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Former WRPS Superintendent: "women fall behind early, and they lose ground at every rank in policing"

Last Updated Oct 22, 2017 at 5:46 am EST

Superintendent Barry Zehr - photo courtesy of waterloowomenpolice.com

After recent Hollywood claims brought sexual assault into the social media spotlight, a former Waterloo Regional Police Superintendent is reminding us that this is also an issue in our region.

Barry Zehr is one of three complainants who have launched a $167-million sexual harassment lawsuit against the police service. He hopes building a national advocacy group will help change our local police culture.

“Women are done. No more of just acknowledgement, now is time for action.” Zehr says this is the mood following the Harvey Weinstein allegations and the social media campaign #MeToo.

He says men need to publicly stand by these women who are coming forward, and become more trauma-informed and supportive of victims and survivors, and has started to use #ISupportSurvivors on social media. “There are many victims and survivors who need our voices and they need them now.

Now it’s time to take a leadership role in addressing the issue. The systems are broken,” says Zehr. “I am recommending and our newly formed association is recommending, that there must be a review of the structure and the processes of police oversight, there’s got to be a consistent, effective, and truly independent oversight model.”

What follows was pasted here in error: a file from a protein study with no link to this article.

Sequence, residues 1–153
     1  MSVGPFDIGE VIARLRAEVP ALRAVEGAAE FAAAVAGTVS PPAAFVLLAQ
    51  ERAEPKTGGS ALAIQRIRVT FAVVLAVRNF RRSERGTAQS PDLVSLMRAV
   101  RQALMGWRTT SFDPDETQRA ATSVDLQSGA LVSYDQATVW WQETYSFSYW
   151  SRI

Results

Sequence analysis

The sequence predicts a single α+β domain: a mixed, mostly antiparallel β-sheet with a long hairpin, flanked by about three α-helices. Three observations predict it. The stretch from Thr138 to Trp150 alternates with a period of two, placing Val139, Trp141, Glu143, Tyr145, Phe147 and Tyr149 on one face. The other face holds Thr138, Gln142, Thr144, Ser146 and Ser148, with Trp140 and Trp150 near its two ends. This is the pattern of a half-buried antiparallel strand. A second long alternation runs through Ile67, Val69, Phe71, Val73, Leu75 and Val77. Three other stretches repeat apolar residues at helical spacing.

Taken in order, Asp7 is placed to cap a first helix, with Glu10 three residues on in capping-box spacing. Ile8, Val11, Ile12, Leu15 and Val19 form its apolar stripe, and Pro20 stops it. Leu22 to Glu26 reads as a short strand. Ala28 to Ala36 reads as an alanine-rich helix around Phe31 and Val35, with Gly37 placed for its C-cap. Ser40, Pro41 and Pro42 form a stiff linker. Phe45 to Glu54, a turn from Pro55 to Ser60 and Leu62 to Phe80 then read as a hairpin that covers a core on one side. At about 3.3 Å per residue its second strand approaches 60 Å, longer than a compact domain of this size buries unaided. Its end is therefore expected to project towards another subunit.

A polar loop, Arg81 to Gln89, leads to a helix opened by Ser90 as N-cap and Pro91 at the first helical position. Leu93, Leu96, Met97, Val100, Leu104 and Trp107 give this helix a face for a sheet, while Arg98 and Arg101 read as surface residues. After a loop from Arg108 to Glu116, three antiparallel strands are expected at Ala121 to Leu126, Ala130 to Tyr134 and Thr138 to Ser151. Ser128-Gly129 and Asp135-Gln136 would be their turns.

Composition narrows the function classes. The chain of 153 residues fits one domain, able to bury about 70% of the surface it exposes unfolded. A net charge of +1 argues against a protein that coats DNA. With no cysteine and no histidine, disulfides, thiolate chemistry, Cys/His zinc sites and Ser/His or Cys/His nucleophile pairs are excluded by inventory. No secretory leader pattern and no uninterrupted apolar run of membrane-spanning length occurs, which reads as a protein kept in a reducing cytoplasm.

Zehr says when he and his co-complainants filed their class action lawsuit in June, only five women had ever reached a senior officer level within Waterloo Regional Police Service in 43+ years. At the time he left in April of this year, only two women held senior positions as inspectors. The other 14 senior positions were held by white men.

“Women start their careers the same time as men, and I know many who started the same time as I did,” says Zehr. “Women fall behind early, and they loose ground at every rank in policing. You have to ask yourself, why is that happening?

You have to ask yourself what’s systemic, what’s the problem within?” Zehr adds, “then I think people need to start asking [those questions] out loud, and say ‘I want change.”

Constable Angelina Rivers, former Constable Sharon Zehr, and former Superintendent Barry Zehr want that change now.

“The civil action is really the application of some legal pressure to change this unfortunate side of policing,” says Zehr. “And that takes time, so we’re in the process of forming a National Women in Law Enforcement Association to be a voice for change.”

He says based on his 30 years of policing, 11 of which as a senior officer, that it is naive to assume the private culture of oppression in policing isn’t impacting service to the public, saying “it absolutely does.”

While the advocacy group is in the beginning stages, the three current and former officers say they are ready to take on this leadership role locally and across the country, and want to start to lobby the federal government.